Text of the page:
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Review: Mini Cooper S Clubman
Driven April 2017
What are the regular complaints about the Mini Cooper S? It’s too cramped and it’s too stiff. What are the regular complaints about the Countryman? It’s too stiff and it looks too different. But what if you could solve both these problems at one go? Say hello to the Mini Cooper S Clubman.
The Clubman is longer and wider than the Cooper S. Just to put this into perspective, it is 403mm longer, 73mm wider and 27mm taller than the three-door Mini. The larger size also makes it over 300kg heavier than the Cooper S. The engine is still the same 2.0-litre turbo-petrol in the same state of tune as the Cooper S. So that’s 189bhp and 280Nm of torque delivered via a 6-speed automatic gearbox.
But what does this all mean? From the outside, the Clubman looks exactly like a widened Mini would. Flattened frog analogies aside, it isn’t a bad look. In fact, the design still grabs lots of attention. But most of the stares are wondering what kind of Mini it is. Because while this is definitely a Mini, it is distinctive in its own way. It might take a moment to register, but it registers nevertheless. The most obvious angles from which it looks different is from the side and rear. The two full size doors on either side and the extended length leave no doubt that this is no ordinary Mini. The split doors to the boot and the horizontal tail lights too do the same thing.
Inside too carries forward the ‘same, but not the same’ theme. The interiors are typically Mini, but with subtle changes like different aircon vents. The circular display in the centre console remains the same and so do the instrumentation, steering wheel and the seats. The larger dimensions do mean more space inside and a usable second row. And not to mention that cavernous boot that offers anywhere between 360 to 1250 litres of space depending on whether the second row is folded.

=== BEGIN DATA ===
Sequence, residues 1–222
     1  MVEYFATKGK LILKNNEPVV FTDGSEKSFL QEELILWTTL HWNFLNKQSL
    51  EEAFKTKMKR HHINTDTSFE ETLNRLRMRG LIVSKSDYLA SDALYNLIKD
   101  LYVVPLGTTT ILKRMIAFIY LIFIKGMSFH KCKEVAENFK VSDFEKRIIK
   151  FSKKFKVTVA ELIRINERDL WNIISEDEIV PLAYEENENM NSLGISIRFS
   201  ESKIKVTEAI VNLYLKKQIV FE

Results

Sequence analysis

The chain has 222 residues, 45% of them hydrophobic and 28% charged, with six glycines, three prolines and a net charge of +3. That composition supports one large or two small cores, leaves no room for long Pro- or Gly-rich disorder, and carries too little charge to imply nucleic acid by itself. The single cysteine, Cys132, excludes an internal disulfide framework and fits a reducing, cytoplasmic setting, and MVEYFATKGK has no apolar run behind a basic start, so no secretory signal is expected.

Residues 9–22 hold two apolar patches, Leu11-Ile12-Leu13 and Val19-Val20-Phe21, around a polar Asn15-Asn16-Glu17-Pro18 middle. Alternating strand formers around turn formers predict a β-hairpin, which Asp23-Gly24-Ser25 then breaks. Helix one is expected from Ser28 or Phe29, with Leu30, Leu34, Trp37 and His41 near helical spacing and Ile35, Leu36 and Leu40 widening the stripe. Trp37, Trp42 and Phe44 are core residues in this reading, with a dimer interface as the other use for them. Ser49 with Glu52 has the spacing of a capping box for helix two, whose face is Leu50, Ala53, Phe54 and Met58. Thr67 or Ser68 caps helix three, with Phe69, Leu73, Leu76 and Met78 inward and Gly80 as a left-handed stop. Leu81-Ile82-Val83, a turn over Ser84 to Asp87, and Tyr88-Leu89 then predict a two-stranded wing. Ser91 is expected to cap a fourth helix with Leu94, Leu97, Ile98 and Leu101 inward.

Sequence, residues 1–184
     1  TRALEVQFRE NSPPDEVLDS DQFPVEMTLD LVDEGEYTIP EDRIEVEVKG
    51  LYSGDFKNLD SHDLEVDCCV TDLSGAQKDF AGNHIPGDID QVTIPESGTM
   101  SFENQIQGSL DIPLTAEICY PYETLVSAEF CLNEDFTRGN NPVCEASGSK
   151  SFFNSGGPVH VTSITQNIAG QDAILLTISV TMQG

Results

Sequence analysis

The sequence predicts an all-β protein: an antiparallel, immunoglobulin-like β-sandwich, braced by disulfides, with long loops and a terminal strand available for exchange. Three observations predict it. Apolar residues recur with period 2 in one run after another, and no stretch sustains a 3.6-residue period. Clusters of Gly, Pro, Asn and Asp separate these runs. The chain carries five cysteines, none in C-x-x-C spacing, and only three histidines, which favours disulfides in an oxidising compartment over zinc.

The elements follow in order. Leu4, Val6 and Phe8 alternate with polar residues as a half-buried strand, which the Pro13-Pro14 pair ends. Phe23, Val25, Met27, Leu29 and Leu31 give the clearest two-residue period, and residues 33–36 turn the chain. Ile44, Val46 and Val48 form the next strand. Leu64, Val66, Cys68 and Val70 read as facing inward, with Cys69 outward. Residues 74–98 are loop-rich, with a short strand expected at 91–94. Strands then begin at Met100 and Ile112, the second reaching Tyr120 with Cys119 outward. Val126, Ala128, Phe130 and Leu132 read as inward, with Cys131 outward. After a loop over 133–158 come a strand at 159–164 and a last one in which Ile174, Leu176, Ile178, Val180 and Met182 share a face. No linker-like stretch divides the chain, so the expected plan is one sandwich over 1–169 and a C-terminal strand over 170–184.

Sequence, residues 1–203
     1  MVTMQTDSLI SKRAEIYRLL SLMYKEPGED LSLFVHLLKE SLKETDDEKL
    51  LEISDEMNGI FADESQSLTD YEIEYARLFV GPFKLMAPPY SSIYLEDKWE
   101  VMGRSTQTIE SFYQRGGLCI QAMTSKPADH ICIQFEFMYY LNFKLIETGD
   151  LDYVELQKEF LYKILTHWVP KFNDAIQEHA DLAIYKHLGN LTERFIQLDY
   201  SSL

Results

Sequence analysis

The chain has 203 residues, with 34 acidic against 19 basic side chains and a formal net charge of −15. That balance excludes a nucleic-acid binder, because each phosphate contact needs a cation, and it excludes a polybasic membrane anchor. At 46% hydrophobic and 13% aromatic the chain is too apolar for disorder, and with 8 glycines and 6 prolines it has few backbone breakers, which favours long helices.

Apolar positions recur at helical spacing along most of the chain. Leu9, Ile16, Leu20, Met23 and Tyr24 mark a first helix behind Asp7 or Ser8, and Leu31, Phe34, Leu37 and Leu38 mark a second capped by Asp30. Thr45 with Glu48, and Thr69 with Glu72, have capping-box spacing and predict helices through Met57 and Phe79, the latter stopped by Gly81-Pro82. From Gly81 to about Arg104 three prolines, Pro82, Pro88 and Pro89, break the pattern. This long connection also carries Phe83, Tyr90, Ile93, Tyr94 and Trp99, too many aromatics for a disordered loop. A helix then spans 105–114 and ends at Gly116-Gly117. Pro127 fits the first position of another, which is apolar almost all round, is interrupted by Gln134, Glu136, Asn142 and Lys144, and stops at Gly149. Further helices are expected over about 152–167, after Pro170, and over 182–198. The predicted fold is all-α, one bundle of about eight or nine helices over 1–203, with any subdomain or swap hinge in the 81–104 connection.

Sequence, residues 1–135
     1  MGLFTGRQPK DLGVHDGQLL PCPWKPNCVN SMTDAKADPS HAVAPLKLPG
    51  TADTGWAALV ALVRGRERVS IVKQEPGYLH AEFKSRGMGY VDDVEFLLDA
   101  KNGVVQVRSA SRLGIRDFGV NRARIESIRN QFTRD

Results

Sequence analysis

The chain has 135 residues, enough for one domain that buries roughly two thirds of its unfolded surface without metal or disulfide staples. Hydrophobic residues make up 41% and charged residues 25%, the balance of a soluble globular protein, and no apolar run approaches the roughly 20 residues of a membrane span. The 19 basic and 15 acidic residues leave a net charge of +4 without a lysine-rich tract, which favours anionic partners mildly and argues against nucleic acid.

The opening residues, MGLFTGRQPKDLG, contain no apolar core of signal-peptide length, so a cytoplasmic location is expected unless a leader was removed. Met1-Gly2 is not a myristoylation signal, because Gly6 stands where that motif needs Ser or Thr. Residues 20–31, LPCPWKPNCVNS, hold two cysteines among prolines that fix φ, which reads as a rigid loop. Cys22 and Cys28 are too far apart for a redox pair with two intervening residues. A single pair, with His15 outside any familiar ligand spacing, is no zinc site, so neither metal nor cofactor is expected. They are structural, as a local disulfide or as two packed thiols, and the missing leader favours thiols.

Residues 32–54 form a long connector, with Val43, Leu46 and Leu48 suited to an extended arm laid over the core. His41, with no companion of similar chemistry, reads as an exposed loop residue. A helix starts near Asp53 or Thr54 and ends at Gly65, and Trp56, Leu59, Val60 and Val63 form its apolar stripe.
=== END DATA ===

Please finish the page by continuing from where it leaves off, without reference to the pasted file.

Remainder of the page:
You would expect that with the larger dimensions and extra weight, the Clubman has lost that go-kart feel that Minis are famous for. Only, that isn’t the case here. Admittedly, the sharpness has been dulled a little bit. But the car still retains the direct, quick steering nature from the other Minis. Some of the dynamic loss is thanks to the softer suspension. But the advantage that it brings is great ride quality. The Clubman is the most comfortable Mini yet. The ride isn’t harsh at all and is, in fact, quite absorptive.
The extra weight also doesn’t make the Mini shy away from going really, really fast. In fact, it can hit 100kmph in 7.8 seconds. The transmission is quick and the acceleration is linear. There is a slight delay in downshifts in kickdowns, but nothing too drastic. The motor can sit at 160kph all day without any stress. And the occasion calls for it, 200+ kph speeds aren’t a problem either. It isn’t too inefficient either. Mini claims 13.84kpl overall, which is quite decent. But like all other Minis, when you start driving fast, the motor guzzles even faster.
The Clubman is every bit a Mini as any other. The Countryman too is a larger Mini, but it doesn’t quite retain the character of the brand and stay true to design as well as the Clubman. It also brings a lot more everyday uability to the Mini world. The car is more spacious, can seat four people comfortably and five in reasonable comfort. It is as sprightly as the Cooper S and hasn’t lost that go-kart-ness of the Minis. And, the ride quality is really, really good. It’s stiff, but so much more comfortable than the other Minis.
The Clubman sells for Rs 37.90 lakh (ex-showroom) all over India. When you consider the usability that it brings over the other Minis, the money will be well spent. It looks like a Mini, goes like a Mini and is now comfortable too. What more could you ask for?
2.0-litre, 4cyl, turbo-petrol, 189bhp, 280Nm, 6A, FWD
Verdict: More space, plusher ride and good handling make this Mini a great everyday car.